New SPHR research published in the Journal of Medical Internet Research has found little evidence to suggest that spending more time on social media is associated with more mental health problems in young people in the UK. However, the study found that self-esteem may play a role in the relationship between social media use and mental health, so interventions that focus on this could be more effective and worthy of further investigation.
The World Health Organization reports that 1 in 7 adolescents (10–19 years old) experience mental disorders. The prevalence of mental disorders in young people has increased in the last 20 years. The reasons for this are complex and influenced by many factors, including the use of social media. From its emergence in the early 2000s, social media has rapidly grown with a recent survey showing that 97% of young people use at least one social media platform. There is increasing concern about the potential impact increased social media use has on the mental health of young people.
Previous research paints an unclear picture about how social media use may relate to young people’s mental health. While some studies have linked increased social media use with depression and anxiety, others have found it can increase social support, strengthen bonds, and reduce loneliness. Many of these studies have used cross-sectional samples (obtained at specific points in time) and may not be representative of a larger group. In addition, few have explored the potential underlying factors, such as the role of self-esteem and peer connectedness.
This study aimed to analyse the impact of social media usage over a longer period and assess whether the association between social media and mental health is explained by self-esteem and peer connectedness. The study used data from the UK Longitudinal Household Survey, a nationally representative study that follows participants over a long period of time. Data from 3,228 young people obtained between 2009−2019 was used, specifically data from the youth self-completion questionnaire given to young people aged 10−15 years (see table below). Multilevel regression analysis looked to understand whether social media use at 12–13 predicted poorer mental health at ages 14–15, while accounting for factors like sex, ethnicity and household income. Mediation analysis explored whether self-esteem or feeling close to peers could explain the relationship between social media and mental health.
|What was measured?
|Social media use
Two questions: ‘do you belong to a social website’ and ‘how many hours do you spend chatting or interacting with friends on social website on a normal school day’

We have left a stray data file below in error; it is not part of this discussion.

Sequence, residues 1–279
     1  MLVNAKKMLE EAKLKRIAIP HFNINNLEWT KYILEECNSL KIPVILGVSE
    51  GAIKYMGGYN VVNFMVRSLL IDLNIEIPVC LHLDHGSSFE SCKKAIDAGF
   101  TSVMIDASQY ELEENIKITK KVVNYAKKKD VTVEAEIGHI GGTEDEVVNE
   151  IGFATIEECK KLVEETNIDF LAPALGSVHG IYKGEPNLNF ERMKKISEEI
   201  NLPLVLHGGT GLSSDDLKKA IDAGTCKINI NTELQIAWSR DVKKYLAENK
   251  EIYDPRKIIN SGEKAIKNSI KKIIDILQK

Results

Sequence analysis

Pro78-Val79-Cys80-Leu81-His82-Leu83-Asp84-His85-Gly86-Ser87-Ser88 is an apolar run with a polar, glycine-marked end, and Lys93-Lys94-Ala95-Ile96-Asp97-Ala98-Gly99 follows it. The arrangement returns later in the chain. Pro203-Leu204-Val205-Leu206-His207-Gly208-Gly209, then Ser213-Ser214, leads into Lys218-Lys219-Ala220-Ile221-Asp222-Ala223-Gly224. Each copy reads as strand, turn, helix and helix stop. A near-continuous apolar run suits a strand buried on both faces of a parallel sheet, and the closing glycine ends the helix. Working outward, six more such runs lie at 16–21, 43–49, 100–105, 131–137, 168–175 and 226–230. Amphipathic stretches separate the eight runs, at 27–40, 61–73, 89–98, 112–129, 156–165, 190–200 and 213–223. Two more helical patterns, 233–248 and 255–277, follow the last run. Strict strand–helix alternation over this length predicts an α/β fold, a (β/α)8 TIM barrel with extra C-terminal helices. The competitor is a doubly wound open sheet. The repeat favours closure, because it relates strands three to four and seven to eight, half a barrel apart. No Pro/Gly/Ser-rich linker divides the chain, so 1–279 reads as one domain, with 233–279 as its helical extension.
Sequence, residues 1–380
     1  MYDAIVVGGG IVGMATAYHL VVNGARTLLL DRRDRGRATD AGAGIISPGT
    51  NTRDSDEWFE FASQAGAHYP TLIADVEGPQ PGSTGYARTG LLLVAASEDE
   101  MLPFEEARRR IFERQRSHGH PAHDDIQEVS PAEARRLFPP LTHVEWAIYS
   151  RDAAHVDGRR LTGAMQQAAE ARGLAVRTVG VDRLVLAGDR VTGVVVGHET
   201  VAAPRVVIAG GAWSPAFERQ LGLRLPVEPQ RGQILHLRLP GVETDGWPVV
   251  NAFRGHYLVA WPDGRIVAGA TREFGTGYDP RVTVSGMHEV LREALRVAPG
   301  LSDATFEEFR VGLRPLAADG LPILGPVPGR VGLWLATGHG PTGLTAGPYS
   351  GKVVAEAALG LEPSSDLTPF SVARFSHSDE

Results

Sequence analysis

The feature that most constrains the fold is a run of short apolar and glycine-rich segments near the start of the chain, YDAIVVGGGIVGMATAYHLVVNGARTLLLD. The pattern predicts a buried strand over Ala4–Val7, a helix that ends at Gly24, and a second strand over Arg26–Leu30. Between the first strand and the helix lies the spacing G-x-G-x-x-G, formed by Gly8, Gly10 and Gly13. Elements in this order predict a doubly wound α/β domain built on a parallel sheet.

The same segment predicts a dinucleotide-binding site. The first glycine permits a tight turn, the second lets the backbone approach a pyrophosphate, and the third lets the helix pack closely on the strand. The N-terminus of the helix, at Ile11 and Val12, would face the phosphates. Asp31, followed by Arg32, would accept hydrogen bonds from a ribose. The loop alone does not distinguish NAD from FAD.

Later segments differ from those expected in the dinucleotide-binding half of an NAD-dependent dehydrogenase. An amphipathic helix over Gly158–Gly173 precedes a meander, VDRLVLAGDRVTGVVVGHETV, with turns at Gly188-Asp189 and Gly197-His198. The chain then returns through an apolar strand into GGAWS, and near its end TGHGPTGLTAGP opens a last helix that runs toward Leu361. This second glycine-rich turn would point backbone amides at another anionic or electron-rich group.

Eight questions, including questions such as: ‘I feel I have a number of good qualities’ and ‘I don’t have much to be proud of’
Two questions: number of friends and happiness with friends.
Validated questionnaire: the strengths and difficulties questionnaire that measures the severity and the content of psychosocial problems
The research found that spending more time on social media did not lead to more mental health problems − more time on social media at age 12−13 was not associated with mental health problems at age 14−15 years, after controlling for demographic and other variables. Self-esteem or peer connectedness also did not significantly explain the relationship between social media use and mental health, after controlling for demographic and other variables. However, self-esteem (but not peer-connectedness) was found to be a significant factor between social media use and mental health when demographic and other variables were not accounted for. Any effects of social media use on young people’s mental health may in part be explained by the impact social media can have on their self-esteem, but this needs further research.
Ruth Plackett, SPHR researcher based at UCL and first author on the study says:
“The study’s findings are consistent with other longitudinal studies that have found little evidence of a longitudinal relationship between time spent on social media and adolescent life satisfaction and wellbeing.
However, the complexities of measuring social media use present a major challenge to understanding this relationship in longitudinal data, combined with the fast-pace at which social media is evolving. We have yet to fully understand how the activities we do on social media affect mental health and who might be most affected by social media and why.”
The findings of this study have implications for how clinicians, parents, caregivers, policymakers, and young people approach this issue. Mental health interventions or prevention strategies that address only time spent on social media may have no benefit for young people’s mental health and ignore the benefits of social media. Further research is needed to explore how different types of social media use affects specific mental health outcomes and who is most affected and why. This will ultimately help inform and develop more tailored strategies and interventions to improve young people’s mental health.